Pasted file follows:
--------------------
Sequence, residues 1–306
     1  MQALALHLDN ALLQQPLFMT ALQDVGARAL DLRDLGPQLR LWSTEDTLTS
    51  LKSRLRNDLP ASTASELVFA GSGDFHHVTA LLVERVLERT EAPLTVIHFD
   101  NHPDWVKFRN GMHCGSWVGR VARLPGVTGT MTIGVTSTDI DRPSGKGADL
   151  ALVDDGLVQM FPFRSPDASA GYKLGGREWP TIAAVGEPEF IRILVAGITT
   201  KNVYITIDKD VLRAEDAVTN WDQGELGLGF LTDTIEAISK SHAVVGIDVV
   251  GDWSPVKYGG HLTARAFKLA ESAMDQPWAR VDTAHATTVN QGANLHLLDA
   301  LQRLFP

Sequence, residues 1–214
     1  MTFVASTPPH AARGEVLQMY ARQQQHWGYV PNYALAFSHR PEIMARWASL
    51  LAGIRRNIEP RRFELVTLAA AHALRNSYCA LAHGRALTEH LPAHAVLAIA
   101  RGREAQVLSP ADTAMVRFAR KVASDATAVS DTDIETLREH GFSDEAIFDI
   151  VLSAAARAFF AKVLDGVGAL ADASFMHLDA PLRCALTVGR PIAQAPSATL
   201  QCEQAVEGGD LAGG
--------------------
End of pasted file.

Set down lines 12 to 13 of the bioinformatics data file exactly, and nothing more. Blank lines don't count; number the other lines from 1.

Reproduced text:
   101  RGREAQVLSP ADTAMVRFAR KVASDATAVS DTDIETLREH GFSDEAIFDI
   151  VLSAAARAFF AKVLDGVGAL ADASFMHLDA PLRCALTVGR PIAQAPSATL